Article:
Signing-up for credit cards through partner links earns us a commission. Here’s our full Advertising Policy.
Update: One or more card offers in this post are no longer available. Check our Hot Deals for the latest offers.
Million Mile Secrets reader, Vin, commented:
Some banks do ask for social security number for any authorized card user account. Does this mean they run a credit check before approving the authorized user? Or just have it on file in case I don’t pay?
Why do they need the social security number if the primary user is responsible?
Thanks for commenting, Vin!
Certain banks ask for a social security number when you add an authorized user. But they still do NOT run a credit check.
I’ll explain the pros and cons of becoming an authorized user and why some banks want your social security number!
Why Become an Authorized User?
You can help a friend or family member meet minimum spending requirements and earn added perks. And I’ve written about other ways folks can benefit from adding users to their credit card accounts.
But authorized users also get some of their own perks without having to sign-up for a new card!
Travel & Cash Back
American Express authorized users will receive their own targeted AMEX Offers to earn cash back on purchases they’d make anyway! They’ll also earn bonus points for spending in certain bonus categories, depending on the card.
And while your miles, points, or cash back go the primary account holder, if you’re nice I bet they’ll share!
Enjoy Extra Perks
Authorized users on the Citi® / AAdvantage® Executive World Elite™ Mastercard® now get access to the American Airlines Admirals Club! This is a fantastic new perk! And it doesn’t cost anything to add a new user to your account.
The Platinum Card® from American Express cardholders can pay a $175 total annual fee for up to 3 additional cards and $175 for each following card. Authorized users also get lounge access (at Delta, AMEX Centurion, Airspace, & Priority Club lounges), TSA Precheck or Global Entry credit, Hilton Gold status, and Starwood Gold status.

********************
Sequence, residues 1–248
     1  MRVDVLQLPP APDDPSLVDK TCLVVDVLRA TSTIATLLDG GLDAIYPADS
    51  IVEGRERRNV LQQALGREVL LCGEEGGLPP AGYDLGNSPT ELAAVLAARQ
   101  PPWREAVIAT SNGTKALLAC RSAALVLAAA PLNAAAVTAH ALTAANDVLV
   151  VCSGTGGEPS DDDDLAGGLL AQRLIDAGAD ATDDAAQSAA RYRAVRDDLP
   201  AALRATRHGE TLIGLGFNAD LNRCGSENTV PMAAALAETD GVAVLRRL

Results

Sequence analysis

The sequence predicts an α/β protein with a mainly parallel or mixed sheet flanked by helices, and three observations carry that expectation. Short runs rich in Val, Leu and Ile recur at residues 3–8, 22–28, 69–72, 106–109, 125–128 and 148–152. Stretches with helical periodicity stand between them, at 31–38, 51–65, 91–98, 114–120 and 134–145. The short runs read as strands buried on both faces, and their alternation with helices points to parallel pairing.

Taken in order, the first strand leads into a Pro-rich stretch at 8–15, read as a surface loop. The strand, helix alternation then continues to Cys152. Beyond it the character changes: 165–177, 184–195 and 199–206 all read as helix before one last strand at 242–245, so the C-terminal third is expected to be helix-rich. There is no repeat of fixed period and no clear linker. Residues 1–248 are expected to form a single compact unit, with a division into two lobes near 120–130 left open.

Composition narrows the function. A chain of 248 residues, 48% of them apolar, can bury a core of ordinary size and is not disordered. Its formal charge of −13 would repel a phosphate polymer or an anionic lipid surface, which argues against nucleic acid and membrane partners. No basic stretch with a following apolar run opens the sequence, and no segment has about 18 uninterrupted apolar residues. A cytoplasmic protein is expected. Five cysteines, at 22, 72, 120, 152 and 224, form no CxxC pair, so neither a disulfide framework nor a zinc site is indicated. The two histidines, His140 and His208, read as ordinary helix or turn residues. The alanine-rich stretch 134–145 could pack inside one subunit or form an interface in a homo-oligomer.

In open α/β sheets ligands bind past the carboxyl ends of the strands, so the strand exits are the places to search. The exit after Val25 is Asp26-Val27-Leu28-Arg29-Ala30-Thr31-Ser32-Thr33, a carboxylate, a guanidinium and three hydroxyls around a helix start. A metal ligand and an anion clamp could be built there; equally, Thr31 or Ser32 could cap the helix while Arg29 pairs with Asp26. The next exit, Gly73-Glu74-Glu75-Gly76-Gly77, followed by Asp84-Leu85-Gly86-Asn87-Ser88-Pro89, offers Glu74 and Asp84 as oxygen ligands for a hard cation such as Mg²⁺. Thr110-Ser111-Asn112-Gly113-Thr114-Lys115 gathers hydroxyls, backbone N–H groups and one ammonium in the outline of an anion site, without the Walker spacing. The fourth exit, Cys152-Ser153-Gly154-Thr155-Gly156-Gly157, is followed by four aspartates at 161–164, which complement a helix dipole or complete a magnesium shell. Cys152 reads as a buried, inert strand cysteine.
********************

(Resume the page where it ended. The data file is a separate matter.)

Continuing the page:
Build a Credit History
More importantly, authorized user cards can help folks with little to no credit, like teenagers and stay-at-home moms, start building a credit history and increase their score.
For example, parents sometimes add their teenagers (and hang onto or keep a close eye on the card) to give them a head start on good credit. And the parents get the extra discounts and benefits!
If you already have good credit and the primary cardholder does too, it’s unlikely this will have a significant impact on your score.
Just make sure you trust that the primary cardholder handles their credit responsibly. If they don’t pay their bills on time or if they max out the card, this will negatively impact your credit score!
Also, the primary cardholder can remove you at any time and this may also impact your score. That’s because the account will be removed from your credit report. The could change your length of credit history as well as your debt-to-credit ratio.
Why Do Some Banks Ask for the Authorized User’s Social Security Number?
Banks do NOT pull a credit report for authorized user accounts, because the primary account holder is responsible for the charges. And that’s good news because hard pulls can lower your credit score by ~3 to ~5 points
But certain banks like AMEX and Barclaycard still ask for the authorized user’s social security number, to add the new account to their credit report (Citi and Chase don’t require this information).
So if you’re trying to improve your credit score with an authorized user account, these are good banks to start with because you know the account will be added to your credit report.
Banks that don’t require this information, may still add the account to your credit report by matching up the rest of the personal information you provided.
As an authorized user, you can help the primary account holder meet minimum spending requirements and earn extra perks.
Banks do NOT run a credit check on authorized user credit reports. But sometimes they’ll ask for a social security number. This helps them add the history of the account to your credit report.
If the primary account holder has good credit, this could give your credit score a boost!